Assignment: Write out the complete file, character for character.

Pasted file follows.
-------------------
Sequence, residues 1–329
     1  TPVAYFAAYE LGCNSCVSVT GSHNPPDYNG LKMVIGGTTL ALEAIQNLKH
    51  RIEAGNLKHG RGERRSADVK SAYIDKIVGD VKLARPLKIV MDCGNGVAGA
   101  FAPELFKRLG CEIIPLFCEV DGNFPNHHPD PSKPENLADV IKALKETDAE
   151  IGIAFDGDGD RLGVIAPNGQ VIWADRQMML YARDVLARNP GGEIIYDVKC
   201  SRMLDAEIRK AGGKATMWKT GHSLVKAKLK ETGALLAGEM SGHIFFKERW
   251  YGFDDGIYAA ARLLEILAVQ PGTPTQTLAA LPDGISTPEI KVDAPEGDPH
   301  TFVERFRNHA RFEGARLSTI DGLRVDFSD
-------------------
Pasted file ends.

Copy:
Sequence, residues 1–329
     1  TPVAYFAAYE LGCNSCVSVT GSHNPPDYNG LKMVIGGTTL ALEAIQNLKH
    51  RIEAGNLKHG RGERRSADVK SAYIDKIVGD VKLARPLKIV MDCGNGVAGA
   101  FAPELFKRLG CEIIPLFCEV DGNFPNHHPD PSKPENLADV IKALKETDAE
   151  IGIAFDGDGD RLGVIAPNGQ VIWADRQMML YARDVLARNP GGEIIYDVKC
   201  SRMLDAEIRK AGGKATMWKT GHSLVKAKLK ETGALLAGEM SGHIFFKERW
   251  YGFDDGIYAA ARLLEILAVQ PGTPTQTLAA LPDGISTPEI KVDAPEGDPH
   301  TFVERFRNHA RFEGARLSTI DGLRVDFSD